United States District Court, D. Massachusetts
MEMORANDUM & ORDER
TALWANI United States District Court.
Manfred Elangwe's pro se amended petition for a writ of
habeas corpus contains sixteen separate bases for relief. Am.
Pet. [#20]. Respondent Steven O'Brien has moved to
dismiss the amended petition in its entirety, arguing that at
least thirteen of Petitioner's claims are unexhausted or
based solely on state law. Mot. Dismiss [#24]. In response,
Petitioner requests to stay his petition so that he can
return to state court to exhaust his claims. Mot. Stay
Abeyance [#26]. For the reasons set forth below,
Petitioner's claims do not warrant a stay. Accordingly,
the court will grant the Motion to Dismiss [#24]
unless Petitioner dismisses the unexhausted claims and
proceeds only on the merits of the exhausted claims.
first trial ended in a mistrial after the jury was unable to
reach a verdict on any of the charges. Commonwealth v.
Elangwe, 7 N.E.3d 1102, 1105 n. 3 (Mass.App. Ct. 2014).
After a second jury trial, Petitioner was convicted of rape
of Mary Smith (“Smith”),  of assault and battery as a
lesser included offence of Susan Jones (“Jones”),
and accosting and annoying a person of the opposite sex (also
of Jones). Id. at 1105. Petitioner appealed his
conviction and filed a motion for new trial. Those two
actions were consolidated before the Massachusetts Appeals
Court, which affirmed both the conviction and the denial of
the motion for new trial. Id. Thereafter, Defendant
filed an Application for Leave to Obtain Further Appellate
Review (“ALOFAR”) with the Supreme Judicial Court
(“SJC”). The SJC summarily denied the appeal on
June 11, 2014. Commonwealth v. Elangwe, 10 N.E.3d
1134 (Mass. 2014). One year later, Petitioner filed a writ of
habeas corpus with this court. Pet. Writ Habeas Corpus [#1].
Petitioner sought to amend his petition, which the court
following facts are taken from the Massachusetts Appeals
The victims lived at the Hildebrand Family Self-Help Center,
a shelter in Cambridge, during the summer of 2004. The
shelter had one “house manager” on site at any
one time. The defendant was a house manager during the
victims' stay. The defendant's direct supervisor was
Lorraine D'Eon, the director of program operations for
a. Smith. One day in July of 2004, after finishing
her chores, Smith sat down on a sofa in the common area near
where the defendant was sitting. The defendant was the only
other person in the common area. The defendant suddenly
approached Smith and forced her to have sexual intercourse
with him on the sofa. After the defendant finished, he told
Smith that no one would believe her because she was homeless.
Smith discarded her clothes and did not photograph or
document her injuries.
Smith then went to the residence of her children's
father, Dan Emde. While there, she took a bath and used two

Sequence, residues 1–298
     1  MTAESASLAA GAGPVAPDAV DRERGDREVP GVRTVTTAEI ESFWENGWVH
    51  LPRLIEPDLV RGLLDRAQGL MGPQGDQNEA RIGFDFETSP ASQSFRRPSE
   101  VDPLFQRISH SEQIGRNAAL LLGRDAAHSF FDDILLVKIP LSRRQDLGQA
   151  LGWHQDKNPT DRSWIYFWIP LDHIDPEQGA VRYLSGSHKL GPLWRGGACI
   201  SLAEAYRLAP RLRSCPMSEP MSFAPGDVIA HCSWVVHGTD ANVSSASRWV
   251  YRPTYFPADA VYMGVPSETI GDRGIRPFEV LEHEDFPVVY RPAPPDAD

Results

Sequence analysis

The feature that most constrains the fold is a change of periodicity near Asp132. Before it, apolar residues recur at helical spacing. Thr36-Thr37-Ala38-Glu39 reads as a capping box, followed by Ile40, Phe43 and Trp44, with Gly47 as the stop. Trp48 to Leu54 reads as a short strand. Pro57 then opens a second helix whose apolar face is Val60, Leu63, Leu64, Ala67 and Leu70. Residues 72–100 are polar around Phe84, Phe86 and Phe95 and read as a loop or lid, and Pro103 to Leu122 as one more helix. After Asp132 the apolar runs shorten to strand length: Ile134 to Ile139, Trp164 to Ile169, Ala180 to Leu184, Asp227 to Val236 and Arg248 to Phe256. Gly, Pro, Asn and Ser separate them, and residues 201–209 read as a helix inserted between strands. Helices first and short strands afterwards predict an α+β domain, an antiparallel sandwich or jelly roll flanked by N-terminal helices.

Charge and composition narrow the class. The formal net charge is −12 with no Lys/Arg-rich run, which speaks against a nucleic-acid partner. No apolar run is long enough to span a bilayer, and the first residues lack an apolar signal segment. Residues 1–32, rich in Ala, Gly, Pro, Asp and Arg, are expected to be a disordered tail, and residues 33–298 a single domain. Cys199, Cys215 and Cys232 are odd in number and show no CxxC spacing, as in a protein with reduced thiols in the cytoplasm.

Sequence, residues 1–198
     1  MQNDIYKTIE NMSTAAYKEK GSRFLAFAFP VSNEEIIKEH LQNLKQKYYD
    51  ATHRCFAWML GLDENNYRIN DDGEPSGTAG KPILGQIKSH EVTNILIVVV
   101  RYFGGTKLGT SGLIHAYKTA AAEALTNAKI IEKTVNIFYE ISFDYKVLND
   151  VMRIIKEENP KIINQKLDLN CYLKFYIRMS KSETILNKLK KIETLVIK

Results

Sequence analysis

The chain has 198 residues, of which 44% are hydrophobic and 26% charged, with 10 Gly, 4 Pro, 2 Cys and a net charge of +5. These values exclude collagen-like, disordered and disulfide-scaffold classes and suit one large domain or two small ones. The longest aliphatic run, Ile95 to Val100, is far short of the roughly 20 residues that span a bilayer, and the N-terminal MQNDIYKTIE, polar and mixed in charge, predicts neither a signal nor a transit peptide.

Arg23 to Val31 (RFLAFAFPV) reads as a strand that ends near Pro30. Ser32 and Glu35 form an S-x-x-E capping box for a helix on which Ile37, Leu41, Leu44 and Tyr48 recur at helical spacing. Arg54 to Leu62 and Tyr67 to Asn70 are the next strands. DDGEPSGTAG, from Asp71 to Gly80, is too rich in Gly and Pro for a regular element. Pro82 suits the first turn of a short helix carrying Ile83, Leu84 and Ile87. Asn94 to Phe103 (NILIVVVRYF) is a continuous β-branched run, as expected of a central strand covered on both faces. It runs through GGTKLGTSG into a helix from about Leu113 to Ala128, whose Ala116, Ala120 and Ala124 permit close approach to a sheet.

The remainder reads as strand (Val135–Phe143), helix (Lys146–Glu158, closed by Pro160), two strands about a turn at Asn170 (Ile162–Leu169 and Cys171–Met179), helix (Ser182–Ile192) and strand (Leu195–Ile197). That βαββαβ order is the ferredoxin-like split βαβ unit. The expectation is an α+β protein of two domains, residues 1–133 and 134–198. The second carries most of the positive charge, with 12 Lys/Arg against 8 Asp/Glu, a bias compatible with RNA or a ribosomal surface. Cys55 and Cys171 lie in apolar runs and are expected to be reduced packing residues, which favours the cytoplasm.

douches that she purchased on the way. Although Smith
sounded upset talking to Emde, she did not tell him about the
rape. Smith did not tell anyone about the rape at that time
because she was afraid she would be evicted from the shelter.
A few weeks later, Smith had another encounter with the
defendant that led her to believe he would once again force
her to have sexual intercourse with him. As a result, Smith
told a staff member about the rape. The staff member arranged
a meeting with D'Eon and other shelter staff to report
the incident. The police were not involved at that time but a
few weeks after the meeting with the shelter staff, Smith
reported the incident to the Cambridge police.
b. Jones. One day in August of 2003, Jones asked the
defendant to borrow a screwdriver. When the defendant brought
it up the stairs to her, he grabbed her upper thigh with his
hands and said, “Wow. These are getting big.”
Jones said, “Enough, ” loud enough to make her
daughter cry. Later that day, the defendant attempted to grab
her arm as she walked past him, which prompted her to report
the incident to a staff member. She too met with D'Eon
and other shelter staff about the matter. Jones reported the
incident to police after she saw the defendant still employed
at the shelter the following weekend.
c. Trial testimony regarding Smith's civil suit.
After Smith and Emde testified at trial, the Commonwealth
stated its intention to call D'Eon as a hostile
witness. Defense counsel contacted D'Eon and
arranged to meet with her, apparently for the first time, on
the Friday before D'Eon's scheduled testimony on the
following Monday. At that meeting, defense counsel learned
that Smith had filed a civil action for damages arising from
the alleged rape. Smith had brought suit against the shelter,
the defendant, and the personnel agency that arranged the
defendant's temporary employment at the shelter. Prior to
the resumption of the trial on Monday, defense counsel
checked the court docket and confirmed the existence of the
civil suit. According to the docket, Smith had filed the suit
on behalf of herself and her minor children within days of
the completion of the first trial and approximately nine
months before the start of the second trial.
Counsel, however, did not disclose this information to the
judge or to the prosecutor. Despite her knowledge of the
civil suit, however, she agreed to a stipulation to be read
during D'Eon's testimony to the effect that the
statute of limitations had passed and that no suit had been
filed by any of the women who alleged sexual misconduct
against the defendant. Defense counsel also failed to mention the
suit when the prosecutor indicated to the judge that she
intended to inquire of D'Eon whether Smith had filed a
civil suit. To the apparent surprise of the prosecutor,
D'Eon replied ...